Nutrition and Hydration

Competitive swimming makes huge demands on the body and ensuring your diet is right is key to improving your performance. Food does NOT make a swimmer fast. QUALITY training does, and a vital part of quality training is good nutrition. The main source of energy during training comes from carbohydrates and high carbohydrate meals are essential to provide energy and help recovery. To get continual adaptation and increased performance in any sport it’s the recovery phase which does this.


Our Nutritional needs change depending on whether you are in training or about to enter a competition. Here are some tips:

You should aim to eat little and often to keep your energy reserves full ready for your training. So, as well as your three main

meals a day you should try and eat a mid- morning and mid- afternoon snack. This however, should be something that is high in

carbohydrates and low in fat. For example a banana is an excellent option.


The 30 minute Rule your muscles recover best within the first 30 minutes after exercise. A low fat snack containing 50 to 100 grams

of carbohydrate eaten soon after training will help. Recovery will last 2 hours including to eat and digest, so eat as soon as the deadline

starts which is as soon as you finish training.


Here are some examples of appropriate snack foods and their approximate carbohydrate content:


- An apple, banana or orange: 15-20g

- Muller rice: 20g

- Nutrigrain Elevenses bar: 25-30g

- Fruit Shake or Smoothie: 25-30g per glass

- 1 thick Jam or Honey sandwich (no or minimal butter): 50g

- Malt Loaf (Soreen): 18g per eighth of a loaf

- Fig Rolls: 13g per biscuit

Other excellent snacks: Rice cakes, dried fruit


Food containing a small amount of protein might be appropriate after intensive training. A carbohydrate based snack with some protein

(such as a low fat milkshake, yogurt smoothie, chicken, egg, tuna or ham sandwich, or breakfast cereal with low fat milk) followed

by a balanced meal one or two hours later is ideal.


Morning Training

30 minutes before training, have a snack with fruit juice. Have breakfast after training.


Evening training

Try to eat an exercise friendly meal 2-3 hours before you go. This means keeping your carbohydrate and protein level high on a 60:40 ratio and don’t pig out on sluggish unsaturated fats.


Here are some good examples:

- Baked potatoes – fill them with beans, sweet corn or chilli,  not too much cheese, and remember to eat the skin, it’s the healthiest bit!.

- Pasta meals or bakes – again go light on the cheese, throw in plenty of vegetables. Tuna is also a great energy source.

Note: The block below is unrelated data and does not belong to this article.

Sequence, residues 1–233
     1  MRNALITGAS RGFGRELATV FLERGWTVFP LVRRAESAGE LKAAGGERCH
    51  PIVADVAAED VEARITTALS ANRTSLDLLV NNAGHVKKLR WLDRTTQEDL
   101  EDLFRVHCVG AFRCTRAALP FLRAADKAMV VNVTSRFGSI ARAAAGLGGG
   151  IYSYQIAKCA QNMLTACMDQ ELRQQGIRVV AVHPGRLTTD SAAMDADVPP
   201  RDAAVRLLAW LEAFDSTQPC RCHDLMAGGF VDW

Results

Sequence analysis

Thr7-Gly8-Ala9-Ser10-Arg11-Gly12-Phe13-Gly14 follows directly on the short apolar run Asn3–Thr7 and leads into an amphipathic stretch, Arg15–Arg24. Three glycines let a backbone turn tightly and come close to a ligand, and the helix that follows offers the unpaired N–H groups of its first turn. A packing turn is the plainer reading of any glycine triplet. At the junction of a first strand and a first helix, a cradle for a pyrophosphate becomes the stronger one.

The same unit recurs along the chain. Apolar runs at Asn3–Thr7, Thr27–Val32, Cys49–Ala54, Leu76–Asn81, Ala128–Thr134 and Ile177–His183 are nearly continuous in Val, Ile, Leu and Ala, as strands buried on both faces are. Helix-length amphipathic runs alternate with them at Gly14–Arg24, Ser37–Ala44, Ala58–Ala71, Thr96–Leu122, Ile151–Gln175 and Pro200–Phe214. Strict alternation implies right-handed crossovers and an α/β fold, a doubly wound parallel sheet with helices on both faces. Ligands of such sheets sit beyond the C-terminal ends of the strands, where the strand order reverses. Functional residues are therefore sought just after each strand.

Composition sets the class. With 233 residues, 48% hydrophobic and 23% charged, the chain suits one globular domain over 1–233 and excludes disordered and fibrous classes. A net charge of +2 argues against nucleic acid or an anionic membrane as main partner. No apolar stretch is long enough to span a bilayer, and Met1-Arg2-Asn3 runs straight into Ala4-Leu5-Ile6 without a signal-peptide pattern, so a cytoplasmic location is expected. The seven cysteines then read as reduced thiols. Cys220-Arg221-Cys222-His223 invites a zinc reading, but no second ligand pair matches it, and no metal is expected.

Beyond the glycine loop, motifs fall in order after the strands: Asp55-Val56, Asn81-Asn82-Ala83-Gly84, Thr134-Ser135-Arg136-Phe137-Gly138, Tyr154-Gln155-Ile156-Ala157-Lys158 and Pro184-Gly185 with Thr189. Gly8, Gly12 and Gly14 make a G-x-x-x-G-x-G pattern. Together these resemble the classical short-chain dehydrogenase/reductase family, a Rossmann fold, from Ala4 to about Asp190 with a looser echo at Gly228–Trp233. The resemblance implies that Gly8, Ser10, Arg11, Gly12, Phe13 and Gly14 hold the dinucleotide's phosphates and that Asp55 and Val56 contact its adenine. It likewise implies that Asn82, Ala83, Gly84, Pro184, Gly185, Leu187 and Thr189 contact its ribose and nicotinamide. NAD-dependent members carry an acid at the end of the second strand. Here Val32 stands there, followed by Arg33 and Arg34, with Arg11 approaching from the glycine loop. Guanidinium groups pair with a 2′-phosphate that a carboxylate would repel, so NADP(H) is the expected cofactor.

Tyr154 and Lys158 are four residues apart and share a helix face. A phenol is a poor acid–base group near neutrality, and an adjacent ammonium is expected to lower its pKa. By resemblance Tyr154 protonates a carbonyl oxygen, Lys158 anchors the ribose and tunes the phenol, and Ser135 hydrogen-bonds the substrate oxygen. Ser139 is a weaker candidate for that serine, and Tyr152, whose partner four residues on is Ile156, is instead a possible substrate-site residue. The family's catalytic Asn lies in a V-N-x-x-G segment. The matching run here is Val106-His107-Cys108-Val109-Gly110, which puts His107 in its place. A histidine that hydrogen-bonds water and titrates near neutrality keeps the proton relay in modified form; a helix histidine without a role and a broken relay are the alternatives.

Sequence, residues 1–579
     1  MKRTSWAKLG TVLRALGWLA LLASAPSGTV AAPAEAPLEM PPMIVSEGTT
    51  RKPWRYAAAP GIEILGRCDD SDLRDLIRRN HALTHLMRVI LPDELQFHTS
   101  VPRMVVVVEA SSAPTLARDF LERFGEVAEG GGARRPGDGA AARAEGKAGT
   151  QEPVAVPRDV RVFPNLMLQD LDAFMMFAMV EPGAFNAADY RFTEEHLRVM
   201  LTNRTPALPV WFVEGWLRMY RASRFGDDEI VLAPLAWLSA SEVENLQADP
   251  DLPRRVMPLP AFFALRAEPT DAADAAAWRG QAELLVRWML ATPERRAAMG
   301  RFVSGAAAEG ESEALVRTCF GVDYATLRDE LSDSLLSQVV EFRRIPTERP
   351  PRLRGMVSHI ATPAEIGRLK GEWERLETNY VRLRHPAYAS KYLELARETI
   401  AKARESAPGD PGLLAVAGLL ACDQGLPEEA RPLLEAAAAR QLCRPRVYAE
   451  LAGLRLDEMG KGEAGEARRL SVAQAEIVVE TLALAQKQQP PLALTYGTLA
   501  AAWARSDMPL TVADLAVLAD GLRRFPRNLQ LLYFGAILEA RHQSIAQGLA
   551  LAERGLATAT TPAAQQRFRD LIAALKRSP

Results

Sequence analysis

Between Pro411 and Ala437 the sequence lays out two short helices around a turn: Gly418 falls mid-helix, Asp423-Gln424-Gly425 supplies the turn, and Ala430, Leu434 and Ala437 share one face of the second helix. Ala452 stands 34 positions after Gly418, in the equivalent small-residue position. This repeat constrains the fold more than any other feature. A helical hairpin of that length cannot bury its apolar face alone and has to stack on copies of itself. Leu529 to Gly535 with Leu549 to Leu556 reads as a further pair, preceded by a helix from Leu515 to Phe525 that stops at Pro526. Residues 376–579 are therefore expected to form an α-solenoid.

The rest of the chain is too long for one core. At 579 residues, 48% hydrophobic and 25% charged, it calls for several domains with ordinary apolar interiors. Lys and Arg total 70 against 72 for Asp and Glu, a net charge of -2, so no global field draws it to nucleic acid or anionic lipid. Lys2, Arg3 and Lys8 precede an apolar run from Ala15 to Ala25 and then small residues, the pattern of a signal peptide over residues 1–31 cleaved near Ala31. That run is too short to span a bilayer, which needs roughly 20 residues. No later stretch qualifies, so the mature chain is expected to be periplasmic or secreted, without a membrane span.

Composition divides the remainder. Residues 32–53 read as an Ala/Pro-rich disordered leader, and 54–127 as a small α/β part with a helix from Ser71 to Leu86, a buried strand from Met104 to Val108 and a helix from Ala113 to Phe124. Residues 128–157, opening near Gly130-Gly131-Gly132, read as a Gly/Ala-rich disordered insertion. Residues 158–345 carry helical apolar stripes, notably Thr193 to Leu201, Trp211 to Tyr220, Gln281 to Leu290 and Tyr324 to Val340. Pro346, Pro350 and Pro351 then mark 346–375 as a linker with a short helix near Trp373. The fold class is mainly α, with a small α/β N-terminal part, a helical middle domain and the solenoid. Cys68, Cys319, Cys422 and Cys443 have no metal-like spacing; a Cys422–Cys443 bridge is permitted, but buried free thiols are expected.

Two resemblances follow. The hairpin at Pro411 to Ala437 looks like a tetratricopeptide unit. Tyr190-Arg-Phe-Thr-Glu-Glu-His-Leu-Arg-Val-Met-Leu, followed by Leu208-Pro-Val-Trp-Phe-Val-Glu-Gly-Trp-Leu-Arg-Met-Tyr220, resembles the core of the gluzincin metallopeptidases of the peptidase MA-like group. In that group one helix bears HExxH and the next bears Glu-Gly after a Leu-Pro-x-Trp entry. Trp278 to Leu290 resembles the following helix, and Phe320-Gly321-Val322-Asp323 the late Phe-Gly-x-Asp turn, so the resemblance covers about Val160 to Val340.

- Beans on toast – they may be the signature of a student’s staple diet but low-sugar baked beans are actually really good for you. Bags

of protein in the beans and wholemeal toast has your complex carbohydrates. And if beans aren’t your thing, eggs will do a similar job.

- Chilli con carne – beans, lean mince, and brown rice all should set you up perfectly for exercise in a few hours. Fatty, greasy mince, white rice and salty tortilla chips will not.


Pre-training Snacks

   - Don’t train on an empty stomach, you’ll be running on empty and your performance will be impaired. Eat a small meal or snack between one

and two hours before you start your training.

- Great snacking foods are fruits (fresh is best but dried are still okay), energy foods (cereal bars, energy drinks, protein shakes), yogurt

(low fat if possible) or whole grain foods (whole wheat cereal or wholemeal toast).


Snacking During the Day

- Elite athletes keep their blood sugar level as constant as possible by snacking regularly (and healthily) during the day.

- Only do this if you’re training enough not to add body weight from the increased food/calorie intake.

- Target the same snacks you would as a pre-training boost – complex carbohydrates, fruits or protein shakes.



- If you’re putting in the metres in the pool, your body will need a boost when you finish your training.

- Always try to refuel within 30 minutes of finishing and preferably within 15 minutes – your body immediately needs nutrients to repair

muscles and replace energy.

- Make sure you’re refuelling with the ‘right’ foods though – something low in fat but high in carbohydrates and protein.


Guidelines for event meals

- 2 - 4 hours before the race have a high Carbohydrate, low fat meal such as breakfast cereals, porridge, bread, toast, fruit juice, fruit, rice cakes, plain crackers, boiled rice, potatoes, boiled pasta, dried fruit, oatmeal or plain whole meal biscuits and muffins.

- Avoid sugars (simple carbohydrates) as these release energy quickly but trigger the release of insulin, which can have a negative impact on performance.

- 30 minutes before the race a small snack (examples above) may be eaten.

- If the interval between races is less than 30 minutes, drink fluids.

- If the interval between races is up to 1 hour, have a snack (examples above), with plenty of fluid, up to 30 minutes before the next race.

- If the race interval is in 1 to 2 hours, have a small high carbohydrate, low fat meal.

- If the rest period between races is longer, the swimmer should have a substantial meal no later than 2 hours before the next race.


Important: As water is stored with carbohydrate it is essential that lots of fluid is drunk with meals and snacks.